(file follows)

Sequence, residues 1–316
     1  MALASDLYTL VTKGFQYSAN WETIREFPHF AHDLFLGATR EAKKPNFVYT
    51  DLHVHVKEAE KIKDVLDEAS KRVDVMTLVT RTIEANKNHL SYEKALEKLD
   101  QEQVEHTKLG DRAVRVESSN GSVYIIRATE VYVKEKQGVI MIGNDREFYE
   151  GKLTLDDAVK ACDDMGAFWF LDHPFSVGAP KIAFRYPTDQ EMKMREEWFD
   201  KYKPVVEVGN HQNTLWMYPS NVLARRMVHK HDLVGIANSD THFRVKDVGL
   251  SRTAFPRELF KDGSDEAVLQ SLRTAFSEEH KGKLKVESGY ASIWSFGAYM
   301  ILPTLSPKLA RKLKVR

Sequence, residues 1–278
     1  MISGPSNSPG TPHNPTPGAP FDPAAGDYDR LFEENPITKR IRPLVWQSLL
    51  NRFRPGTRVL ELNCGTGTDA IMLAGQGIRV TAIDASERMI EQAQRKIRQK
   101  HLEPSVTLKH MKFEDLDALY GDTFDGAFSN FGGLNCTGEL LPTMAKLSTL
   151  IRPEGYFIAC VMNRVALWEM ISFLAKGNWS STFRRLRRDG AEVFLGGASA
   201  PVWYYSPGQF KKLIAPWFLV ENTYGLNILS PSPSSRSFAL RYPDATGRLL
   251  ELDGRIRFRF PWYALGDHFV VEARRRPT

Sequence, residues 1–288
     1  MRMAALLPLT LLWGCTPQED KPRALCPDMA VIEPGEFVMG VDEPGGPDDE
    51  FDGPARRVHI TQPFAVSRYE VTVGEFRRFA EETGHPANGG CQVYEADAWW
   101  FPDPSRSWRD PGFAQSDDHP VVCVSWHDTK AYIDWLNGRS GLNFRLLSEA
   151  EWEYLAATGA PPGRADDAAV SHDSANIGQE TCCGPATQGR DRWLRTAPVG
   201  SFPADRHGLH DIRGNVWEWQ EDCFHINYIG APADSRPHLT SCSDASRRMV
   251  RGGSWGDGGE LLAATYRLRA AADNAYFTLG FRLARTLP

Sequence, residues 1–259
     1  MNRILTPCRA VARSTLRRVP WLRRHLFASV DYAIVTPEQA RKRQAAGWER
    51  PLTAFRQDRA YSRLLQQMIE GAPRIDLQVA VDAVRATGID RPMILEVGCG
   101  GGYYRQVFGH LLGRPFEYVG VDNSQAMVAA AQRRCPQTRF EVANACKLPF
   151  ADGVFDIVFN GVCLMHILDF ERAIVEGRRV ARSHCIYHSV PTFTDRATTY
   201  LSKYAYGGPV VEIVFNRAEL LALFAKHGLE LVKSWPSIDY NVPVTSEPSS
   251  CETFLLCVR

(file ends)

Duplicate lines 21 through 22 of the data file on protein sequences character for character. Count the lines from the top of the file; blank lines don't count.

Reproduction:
   201  SFPADRHGLH DIRGNVWEWQ EDCFHINYIG APADSRPHLT SCSDASRRMV
   251  RGGSWGDGGE LLAATYRLRA AADNAYFTLG FRLARTLP